As I said, depending on what you’re doing these differences may not affect you at all. Just make sure you don’t assume that a given feature is available everywhere, and make sure you’ve made a conscious decision about what content to put in which repository (DM or WCM) based on your requirements.

Review: Liferay Portal 5.2 Systems Development, by Jonas X. Yuan

I’ve just finished Jonas X. Yuan’s book, Liferay Portal 5.2 Systems Development and I thought I’d share a few thoughts.

First, I should probably get this out of the way: Jonas works for Cignex, which, from time to time, competes for business with my firm, Optaros. Okay, back to the book…

My overall impression of this book is that it essentially documents the work Jonas and his team did for one of their clients. While it is great that their project was broad enough to generate enough material to be compiled into a book, I felt like I was reading “here’s what we did on our project” instead of “let me teach you how to do Liferay development”.

When I read a technical book, I like to read about concepts and how I might apply those in different situations, and then dive into a realistic application of that concept. This book definitely covers realistic examples–the screenshots are lifted right out of the solution Jonas and his team built for their client. And I like that the example is fairly consistent throughout the book. But I found it very light on context and concepts. That left me feeling a bit disoriented as Jonas jumped from detail to detail with very little being done to set the scene. A simple explanation of “Why are we doing this?” would have been a big help.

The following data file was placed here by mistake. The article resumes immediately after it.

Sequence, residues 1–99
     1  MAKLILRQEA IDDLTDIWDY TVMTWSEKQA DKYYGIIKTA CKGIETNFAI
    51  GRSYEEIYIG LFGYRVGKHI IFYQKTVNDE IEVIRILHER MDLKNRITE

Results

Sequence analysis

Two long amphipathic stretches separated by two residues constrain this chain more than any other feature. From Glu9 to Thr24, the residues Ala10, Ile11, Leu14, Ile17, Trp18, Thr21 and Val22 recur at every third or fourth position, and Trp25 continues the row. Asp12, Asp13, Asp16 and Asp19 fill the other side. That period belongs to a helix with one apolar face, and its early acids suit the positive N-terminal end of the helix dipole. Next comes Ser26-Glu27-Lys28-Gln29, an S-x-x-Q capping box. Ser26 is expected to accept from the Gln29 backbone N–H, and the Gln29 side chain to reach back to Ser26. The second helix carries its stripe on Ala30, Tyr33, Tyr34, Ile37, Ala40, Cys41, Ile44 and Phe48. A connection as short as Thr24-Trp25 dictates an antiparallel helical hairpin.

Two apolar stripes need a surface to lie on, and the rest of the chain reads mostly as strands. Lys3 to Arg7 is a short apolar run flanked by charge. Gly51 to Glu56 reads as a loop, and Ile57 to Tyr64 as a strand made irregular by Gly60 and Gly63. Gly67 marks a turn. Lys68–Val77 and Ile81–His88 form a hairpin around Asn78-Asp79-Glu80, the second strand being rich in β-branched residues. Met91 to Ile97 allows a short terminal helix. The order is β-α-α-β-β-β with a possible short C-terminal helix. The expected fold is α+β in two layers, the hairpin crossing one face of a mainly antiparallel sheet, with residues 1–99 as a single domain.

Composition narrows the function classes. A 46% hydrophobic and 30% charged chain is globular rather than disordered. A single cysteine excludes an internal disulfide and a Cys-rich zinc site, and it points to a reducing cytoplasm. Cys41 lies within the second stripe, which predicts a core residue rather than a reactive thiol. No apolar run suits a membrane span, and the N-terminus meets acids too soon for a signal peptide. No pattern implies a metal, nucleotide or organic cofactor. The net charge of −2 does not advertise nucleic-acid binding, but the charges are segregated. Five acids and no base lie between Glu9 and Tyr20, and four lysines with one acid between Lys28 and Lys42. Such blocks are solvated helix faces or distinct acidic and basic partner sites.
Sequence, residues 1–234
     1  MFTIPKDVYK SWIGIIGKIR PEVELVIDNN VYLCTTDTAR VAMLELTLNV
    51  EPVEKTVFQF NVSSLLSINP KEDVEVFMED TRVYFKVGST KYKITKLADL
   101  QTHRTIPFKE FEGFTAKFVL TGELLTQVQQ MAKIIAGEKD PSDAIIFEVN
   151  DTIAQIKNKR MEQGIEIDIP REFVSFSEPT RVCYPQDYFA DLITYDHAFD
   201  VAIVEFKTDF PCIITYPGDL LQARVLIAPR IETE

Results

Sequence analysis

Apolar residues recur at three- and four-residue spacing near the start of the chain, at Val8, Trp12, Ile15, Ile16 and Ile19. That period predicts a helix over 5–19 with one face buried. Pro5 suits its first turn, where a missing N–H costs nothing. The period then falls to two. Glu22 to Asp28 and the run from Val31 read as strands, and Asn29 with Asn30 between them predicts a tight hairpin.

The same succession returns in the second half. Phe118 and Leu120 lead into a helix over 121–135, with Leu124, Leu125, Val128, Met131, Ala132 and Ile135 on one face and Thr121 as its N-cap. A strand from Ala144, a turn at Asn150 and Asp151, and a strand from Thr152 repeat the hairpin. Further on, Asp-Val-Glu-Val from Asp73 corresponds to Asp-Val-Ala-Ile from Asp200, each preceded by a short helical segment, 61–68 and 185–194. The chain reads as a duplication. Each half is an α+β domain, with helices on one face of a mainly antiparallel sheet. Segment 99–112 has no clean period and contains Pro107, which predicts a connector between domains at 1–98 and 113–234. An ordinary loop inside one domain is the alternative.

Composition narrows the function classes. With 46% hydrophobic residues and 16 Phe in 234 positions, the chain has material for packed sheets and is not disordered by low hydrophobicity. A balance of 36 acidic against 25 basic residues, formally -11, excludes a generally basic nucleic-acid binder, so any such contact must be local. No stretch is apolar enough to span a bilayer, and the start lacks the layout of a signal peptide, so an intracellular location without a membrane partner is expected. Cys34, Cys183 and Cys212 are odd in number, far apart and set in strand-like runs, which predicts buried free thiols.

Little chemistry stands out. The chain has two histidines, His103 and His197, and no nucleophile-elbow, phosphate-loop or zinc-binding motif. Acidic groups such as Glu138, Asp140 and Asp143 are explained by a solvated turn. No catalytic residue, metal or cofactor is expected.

Another thing that made this a tough read for me is that there are many grammatical issues with the text. If this were in one or two places, you could rightly accuse me of being a hard-grading Grandson of an English teacher (which I am). Unfortunately the problem isn’t limited to one or two places–there’s one on nearly every page. I don’t blame Jonas for this, I blame the editor. Is the pressure to publish on schedule so great that there is no time to perform even rudimentary grammar checks for things like missing articles?

If you can get past the style, there are good takeaways in the book. You’ll learn:

  • The difference between building customizations in ext versus plugins
  • How to use ServiceBuilder
  • How to build portlets using Struts and Tiles
  • How to extend the Journal CMS with structures and templates
  • How to build and customize themes and layout templates

There’s a chapter on Liferay’s Social Office and how it works behind the scenes, including details on Inter-Portlet Communication. Jonas has also included a chapter on moving content between multiple environments (Staging/Production) which is an area where portals are often less than optimal.